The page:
As part of its efforts to ensure that all eligible software owners are able to upgrade to the latest versions of its software on the Mac App Store, Apple is intentionally allowing users with any version of Aperture, iLife and iWork installed on their system to upgrade to the latest versions on the Mac App Store -- even illegally acquired or trial versions.
In order to ensure that no legitimate software owners are left behind, according to MacTrast, Apple has eliminated its legacy software update mechanism entirely and is instead pushing all software updates onto the Mac App Store.
According to a MacTrast source at Apple:
It’s no coincidence that Apple’s support site doesn’t have downloads for the new Aperture, iWork, and iLife updates. They aren’t in our Software Update system either – and there’s a good reason for that. With Mavericks, we have changed the way we distribute updates for legacy versions of our apps
Rather than maintain separate updates for these in addition to the Mac App Store versions of each app, Apple has decided to eliminate their legacy software update system for apps entirely. Instead, when Mavericks discovers legacy apps installed on your Mac, it provisions them as a Mac App Store purchase using your Apple ID. It saves us a lot of time, effort, and bandwidth. After the provision is complete, it will appear in your Mac App Store history as though you have purchased the Mac App Store version of the app.
While we are aware that this enables piracy of our apps for unethical users, Apple has never taken a strong stance or action against piracy in the past. We like to believe that our users are honest, even if that belief is in vain.
When the new apps were released on the Mac App Store, many users with legitimate copies were unable to upgrade to the latest versions, though many users who were having difficulties seem to be able to upgrade now.
As a result of Apple's changes, all users with older versions of Aperture, iWork or iLife installed -- even if acquired through less-than-ethical means -- should be able to upgrade to the latest versions through the Mac App Store.
Apple debuted a number of videos at its special event yesterday and it has now posted a number of them on YouTube.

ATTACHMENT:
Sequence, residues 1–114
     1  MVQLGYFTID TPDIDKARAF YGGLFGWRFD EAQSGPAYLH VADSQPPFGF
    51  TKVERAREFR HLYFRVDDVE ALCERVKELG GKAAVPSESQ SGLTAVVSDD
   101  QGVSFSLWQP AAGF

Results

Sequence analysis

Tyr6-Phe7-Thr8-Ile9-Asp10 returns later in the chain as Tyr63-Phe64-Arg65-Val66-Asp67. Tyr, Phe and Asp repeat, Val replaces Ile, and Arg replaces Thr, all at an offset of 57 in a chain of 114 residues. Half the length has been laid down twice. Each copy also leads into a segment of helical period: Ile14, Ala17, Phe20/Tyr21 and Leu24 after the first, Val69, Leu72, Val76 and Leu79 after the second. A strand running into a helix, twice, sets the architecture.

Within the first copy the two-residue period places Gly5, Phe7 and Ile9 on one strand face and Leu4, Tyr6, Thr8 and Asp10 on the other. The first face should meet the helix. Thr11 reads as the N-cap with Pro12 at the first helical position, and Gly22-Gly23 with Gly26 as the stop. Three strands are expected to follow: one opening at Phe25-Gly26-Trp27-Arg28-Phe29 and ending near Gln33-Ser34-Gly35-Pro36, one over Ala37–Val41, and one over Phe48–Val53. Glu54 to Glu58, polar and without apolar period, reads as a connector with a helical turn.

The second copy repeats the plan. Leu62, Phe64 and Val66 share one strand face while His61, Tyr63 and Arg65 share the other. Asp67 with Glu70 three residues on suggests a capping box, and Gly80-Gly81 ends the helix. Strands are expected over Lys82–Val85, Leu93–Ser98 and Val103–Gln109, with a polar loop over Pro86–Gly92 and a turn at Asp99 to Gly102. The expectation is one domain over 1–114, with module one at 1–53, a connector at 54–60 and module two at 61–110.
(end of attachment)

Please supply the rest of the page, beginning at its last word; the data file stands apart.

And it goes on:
Before introducing the company's newest iPads, Tim Cook ran this 'Life on iPad' spot "to celebrate our customer's creativity and genius in using their iPads." The two-minute film shows the iPad being used in a wide variety of different situations, including in a surgery suite, by musicians, firefighters, tourists, football players, and many more.
No Apple product launch would be complete without a Jony Ive-led video showcasing how much detail and thought went into the design of the new product, and the iPad Air is no exception. The videos are so iconic that they have been endlessly parodied in commercials and on late-night comedy shows.
Finally, the company produced a new television ad for the iPad Air in keeping with the theme from the keynote that the iPad can be used for a limitless variety of tasks. The ad, called 'Pencil', starts with a pencil on a desk, with a voiceover suggesting the ad is about that simple writing implement. At the end, the new iPad Air is revealed from behind it.
It's an extremely simple tool, but also extremely powerful. It can be used to start a poem, or finish a symphony.
It has transformed the way we work, learn, create, share. It's used to illustrate things, solve things, and think of new things.
It's used by scientists and artists, scholars and students. It's been to classrooms, boardrooms, expeditions, even to space.
And we can't wait to see where you'll take it next. Introducing the thinner, lighter, more powerful iPad Air.
We've posted the last film, about the production process behind the Mac Pro, in a separate article that more closely examines the process.
[Update]: As pointed out by Mashable, the narrating voice of the "Pencil" TV ad for the iPad Air is none other than Breaking Bad star Bryan Cranston.